I imagine most of my readers have already signed the appeal, but if not, there is still time if you do it today.  It’s an easy, one-click process from the Stem Cells & Atom Bombs website.  Follow this link.

The Rick Hansen Foundation earns annual revenues in excess of $20 million, 71% of which comes from Canadian national and provincial government funds.  This is an extraordinary amount of money, and with these types of resources the Foundation should respond to the wishes of the SCI community.

We respect the work that RHF has done to improve accessibility and quality of life for people living with SCI.  At this point in time, however, with so much promising regenerative research on the cusp of translation, it’s time for the Foundation to turn its attention and its resources to the achievement of a cure.  As survivors of spinal cord injury and family members, we have the right, and even moreso the responsibility, to speak up to those in power at the Rick Hansen Foundation.

Chase the Vision, Not the Money

February 3, 2012

I had no sooner finished posting this blog entry than the Komen Foundation announced that they were reversing their decision on funding Planned Parenthood.  No matter – the damage has been done and there are still lessons to be learned.  Read on.

This week the Susan G. Komen Foundation announced that they would no longer provide funding to Planned Parenthood for breast cancer screenings.  The decision sparked a huge firestorm of outrage as well as some serious investigative journalism into the reasons behind the defunding.  It’s a revealing story that illustrates the perils of prosperity and offers important lessons for charities and donors alike.

Komen is practically a household name, and its ubiquitous branding with pink ribbons, pink shoes, pink gloves, etc., is the envy of patient advocate organizations worldwide.  Like many advocacy groups, it started with a personal connection to a particular disease/condition.  When her older sister Susan died of breast cancer in 1980, Nancy Brinker Goodman founded SGK in her honor. 30 years later, Komen has annual earnings of nearly $400 million.

Komen has unquestionably raised awareness about breast cancer and pumped millions into research and public health education. And yet, in terms of finding a cure there really isn’t much to show for the effort.  Komen’s own website reports that the incidence of breast cancer has actually risen slightly over the last 30 years. During the same timeline, the mortality rate (time of diagnosis to time of death) has decreased somewhat for white women, but shows a slight increase for black women.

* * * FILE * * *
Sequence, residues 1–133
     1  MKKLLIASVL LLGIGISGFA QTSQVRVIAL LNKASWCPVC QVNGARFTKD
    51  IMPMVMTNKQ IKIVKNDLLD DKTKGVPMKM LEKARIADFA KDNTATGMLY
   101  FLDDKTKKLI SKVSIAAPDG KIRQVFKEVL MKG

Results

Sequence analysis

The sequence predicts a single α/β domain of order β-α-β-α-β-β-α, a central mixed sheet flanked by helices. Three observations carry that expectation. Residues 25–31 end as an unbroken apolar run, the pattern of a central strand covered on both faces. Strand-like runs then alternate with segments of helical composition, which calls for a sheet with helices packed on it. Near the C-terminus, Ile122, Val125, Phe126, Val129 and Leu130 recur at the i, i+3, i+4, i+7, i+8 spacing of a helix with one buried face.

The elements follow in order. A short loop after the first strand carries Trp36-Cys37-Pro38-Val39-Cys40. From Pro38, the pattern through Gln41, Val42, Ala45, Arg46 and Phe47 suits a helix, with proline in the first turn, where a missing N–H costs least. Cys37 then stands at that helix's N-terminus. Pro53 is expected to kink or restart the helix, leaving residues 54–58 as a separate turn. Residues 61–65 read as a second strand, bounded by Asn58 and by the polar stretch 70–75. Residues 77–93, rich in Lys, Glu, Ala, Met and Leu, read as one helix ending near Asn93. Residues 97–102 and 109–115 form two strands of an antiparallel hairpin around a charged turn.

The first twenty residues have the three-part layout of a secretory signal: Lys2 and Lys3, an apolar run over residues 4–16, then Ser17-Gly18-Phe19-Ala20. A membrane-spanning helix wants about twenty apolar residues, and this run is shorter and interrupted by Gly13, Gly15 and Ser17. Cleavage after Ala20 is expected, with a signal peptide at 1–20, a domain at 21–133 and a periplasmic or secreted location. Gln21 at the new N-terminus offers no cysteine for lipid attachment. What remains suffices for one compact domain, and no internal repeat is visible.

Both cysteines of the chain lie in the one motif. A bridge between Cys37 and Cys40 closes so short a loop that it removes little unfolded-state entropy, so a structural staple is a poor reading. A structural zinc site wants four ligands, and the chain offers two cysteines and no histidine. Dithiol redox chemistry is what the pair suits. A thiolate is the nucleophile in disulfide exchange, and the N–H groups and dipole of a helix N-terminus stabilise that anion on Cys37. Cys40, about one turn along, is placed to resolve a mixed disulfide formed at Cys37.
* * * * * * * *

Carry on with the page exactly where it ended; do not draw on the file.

In their highly sophisticated marketing campaigns, they brand themselves as “Susan G. Komen for the Cure”, raising money via the “Race for the Cure”.  Unfortunately, rather than chase that vision they’ve fallen prey to the allure of money and the corruption of politics. Komen has built the kind of empire that is seen all too often in the “charitable foundation” arena; a marketing machine whose lavish salaries and political agenda drive its decision-making.

When you’re trying to keep a nonprofit viable it’s easy to lose sight of what got you started in the first place.  Everyone needs money to maintain and expand valuable programs.  But when your priorities shift from chasing the vision to chasing the money, the people and purpose you are supposed to be serving can get lost along the way.

We don’t know where Komen is headed from here, but nonprofit leaders would do well to take a lesson from this enormous blunder and the story behind it. Donors would be well-advised to take a hard look at the charities they choose to support, and do the research to find out where their money is actually going.  In the words of The Guardian’s Lizz Winstead,

“Last I checked, a pink breast cancer awareness toaster isn’t a substitute for affordable chemotherapy.”